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The Dark Side of David Feherty

David Feherty
Angus Murray
Feherty during a 2012 trip to Vegas. "It takes a village behind David to keep him going," his wife says.

David Feherty, eyes closed, is banging his head on the elevator wall. But gently, so as not to further scramble his long-suffering gray matter. "You'd have to be a total idiot," he says into the wall, "to send me on the simplest errand without a guide dog and a nurse. I need a caretaker, and that's the truth."

The Irish lilt of his internationally recognized voice puts a comedic spin on the past 10 minutes, during which the CBS golf reporter and host of the eponymous Golf Channel interview show, clutching his electronic room key, has roamed the labyrinthine corridors of a Las Vegas hotel tower before remembering that the Aria Resort and Casino actually has two guest towers.

Straightening, a bemused Feherty shakes his head. His trim torso, in ruffled dress shirt and unbuttoned vest, looks ready for a black-tie affair, but his nether anatomy wears jeans and pointy suede boots. His black hair is combed back in the brilliantined style of a fifties cowboy crooner, but pointy sideburns and a Van Dyke beard suggest Lucifer in a production of Damn Yankees.

"Last week," he says in the plummeting elevator, "I couldn't find my room at the Bellagio," another Vegas casino. "I nearly slept in the hallway."

Feherty is embellishing a story he told over a tapas lunch, in which he recalled performing for an industry group at the Bellagio a few days earlier. "There were two thousand of them," he said, "but I had no idea who I was talking to. It was restaurant managers, but it could have been the local child-molesting club!"

The jokey coda was vintage Feherty. So was the way he rolled his eyes after announcing that his in-laws would be spending Thanksgiving at his home in Dallas.("They're from Mississippi. They think Deliverance is a love story.")

But you can't separate Feherty's antics from his anxieties. He noticed a few years ago that he was starting to forget things. "And not where my car keys were," he said at lunch. "I was starting to forget words. At a speaking engagement for the Navy I had to ask the audience to help me. 'What do you call that thing that goes across the land that has water in it?' And people would shout, 'A tanker!' No, that's not it. Somebody shouts something else. 'A stream!' "No! I meant a river."

He smacked his forehead with the heel of his right hand. "I've had my head run over a couple of times, taken a few falls, been knocked senseless."

So yeah, Feherty has reason to worry about the possibility that he's losing his ability to express or comprehend speech, a condition known as aphasia. At 54, he already depends on his wife of 17 years to manage his affairs and make sure he doesn't get on a plane to Fargo when he's supposed to speak in Seattle. "I rely on Anita beyond anything you can imagine," he'd said in the restaurant, staring wistfully at the attractive brunette by his side. "I don't know where we bank. I don't know how much I get paid. I couldn't tell you my net worth."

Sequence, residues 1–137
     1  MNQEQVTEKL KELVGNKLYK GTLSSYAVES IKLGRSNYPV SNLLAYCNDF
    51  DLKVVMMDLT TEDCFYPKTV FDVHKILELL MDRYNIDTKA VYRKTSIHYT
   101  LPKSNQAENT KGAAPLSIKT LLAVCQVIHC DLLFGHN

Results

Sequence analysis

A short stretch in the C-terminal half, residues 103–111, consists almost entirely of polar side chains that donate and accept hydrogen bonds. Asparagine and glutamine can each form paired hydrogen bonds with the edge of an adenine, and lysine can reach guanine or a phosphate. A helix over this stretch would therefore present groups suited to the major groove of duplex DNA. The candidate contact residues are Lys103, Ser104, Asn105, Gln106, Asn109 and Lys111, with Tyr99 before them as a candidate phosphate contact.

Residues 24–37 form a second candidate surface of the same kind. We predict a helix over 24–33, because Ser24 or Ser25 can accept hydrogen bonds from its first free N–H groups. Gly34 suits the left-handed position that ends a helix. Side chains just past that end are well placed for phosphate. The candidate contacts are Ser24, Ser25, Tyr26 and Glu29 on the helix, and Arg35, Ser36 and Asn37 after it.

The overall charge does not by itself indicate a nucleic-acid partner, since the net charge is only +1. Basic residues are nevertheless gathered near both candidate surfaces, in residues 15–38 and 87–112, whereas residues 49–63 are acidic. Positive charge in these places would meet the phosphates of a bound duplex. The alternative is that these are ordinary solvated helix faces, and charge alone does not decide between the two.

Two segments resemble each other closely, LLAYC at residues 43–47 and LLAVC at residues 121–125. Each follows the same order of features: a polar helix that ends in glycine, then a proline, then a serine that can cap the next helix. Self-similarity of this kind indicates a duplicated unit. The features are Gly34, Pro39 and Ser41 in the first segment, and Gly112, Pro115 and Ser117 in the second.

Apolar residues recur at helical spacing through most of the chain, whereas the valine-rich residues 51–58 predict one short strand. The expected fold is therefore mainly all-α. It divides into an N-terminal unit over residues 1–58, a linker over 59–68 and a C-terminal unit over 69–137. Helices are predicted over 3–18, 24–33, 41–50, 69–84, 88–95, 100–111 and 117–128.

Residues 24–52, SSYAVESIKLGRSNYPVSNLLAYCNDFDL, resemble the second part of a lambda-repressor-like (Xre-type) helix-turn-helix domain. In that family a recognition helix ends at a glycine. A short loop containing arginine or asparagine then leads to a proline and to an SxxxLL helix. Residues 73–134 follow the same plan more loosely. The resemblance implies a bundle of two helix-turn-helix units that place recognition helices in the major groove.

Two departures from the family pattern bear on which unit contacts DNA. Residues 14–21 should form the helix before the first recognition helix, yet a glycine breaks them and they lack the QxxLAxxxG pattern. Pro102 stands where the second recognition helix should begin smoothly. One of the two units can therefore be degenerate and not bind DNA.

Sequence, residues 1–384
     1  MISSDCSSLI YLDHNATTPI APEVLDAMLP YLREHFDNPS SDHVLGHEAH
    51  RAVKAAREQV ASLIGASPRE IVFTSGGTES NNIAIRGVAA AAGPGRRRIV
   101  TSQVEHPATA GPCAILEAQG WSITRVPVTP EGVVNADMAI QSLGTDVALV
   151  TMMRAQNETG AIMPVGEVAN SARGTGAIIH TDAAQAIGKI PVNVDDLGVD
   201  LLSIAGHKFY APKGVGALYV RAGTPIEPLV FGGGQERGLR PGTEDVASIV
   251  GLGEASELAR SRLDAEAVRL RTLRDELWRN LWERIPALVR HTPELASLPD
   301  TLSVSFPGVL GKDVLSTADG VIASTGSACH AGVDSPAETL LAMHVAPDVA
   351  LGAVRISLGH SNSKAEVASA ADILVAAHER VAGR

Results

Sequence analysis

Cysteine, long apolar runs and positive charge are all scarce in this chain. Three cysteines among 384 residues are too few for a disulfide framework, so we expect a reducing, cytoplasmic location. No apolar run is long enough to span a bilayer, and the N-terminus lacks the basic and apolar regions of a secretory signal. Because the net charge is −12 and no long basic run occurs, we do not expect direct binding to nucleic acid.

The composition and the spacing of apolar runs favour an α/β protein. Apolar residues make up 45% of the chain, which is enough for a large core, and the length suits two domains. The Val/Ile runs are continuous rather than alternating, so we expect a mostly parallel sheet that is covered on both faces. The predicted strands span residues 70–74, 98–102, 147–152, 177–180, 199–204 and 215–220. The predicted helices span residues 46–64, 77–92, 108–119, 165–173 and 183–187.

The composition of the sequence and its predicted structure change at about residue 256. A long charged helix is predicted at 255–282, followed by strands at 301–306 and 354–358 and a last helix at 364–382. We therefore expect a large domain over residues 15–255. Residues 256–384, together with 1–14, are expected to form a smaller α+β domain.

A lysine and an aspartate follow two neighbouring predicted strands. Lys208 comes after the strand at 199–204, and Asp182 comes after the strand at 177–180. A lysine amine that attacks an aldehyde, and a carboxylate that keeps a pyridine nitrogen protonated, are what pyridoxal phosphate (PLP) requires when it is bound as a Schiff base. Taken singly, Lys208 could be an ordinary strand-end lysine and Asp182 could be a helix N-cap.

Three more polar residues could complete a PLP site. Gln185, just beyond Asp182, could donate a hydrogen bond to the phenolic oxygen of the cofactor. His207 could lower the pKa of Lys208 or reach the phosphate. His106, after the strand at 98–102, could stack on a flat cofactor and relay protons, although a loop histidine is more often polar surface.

It got so bad last summer that he asked Anita to make an appointment for him to get an MRI brain scan.

"My problem," he starts to say--but he's interrupted by the elevator doors opening. He steps out and looks right and left before joining a parade of guests headed for the casino floor. His eyes search for a sign pointing to the Skyview Suites Tower.

"Remind me again," Feherty says to a reporter. "What is this for?"


The doctors x-rayed my head, Dizzie Dean used to say, and found nothing.

Feherty went to a neurologist for tests a few years ago, already worried that his mental deterioration mirrored that of his Alzheimer's-stricken father in Northern Ireland. But far from confirming dementia, a battery of cognitive tests showed the younger Feherty to be in the top percentile, noodlewise.

That surprised no one who had worked with Feherty, from his CBS colleagues to the editors of his five books. The word most used to describe him -- after lunatic -- is genius. "David is one of the most quick-minded people I've ever met," says Golf Channel analyst Kelly Tilghman, "and he has an amazing ability to paint pictures with words." Keith Allo, the executive producer of Feherty, says, "There's a definite genius to the way he looks at the world."

"David's brilliant," confirms Anita Feherty. "I'd say he's becoming a genius. He's constantly reading and discovering."

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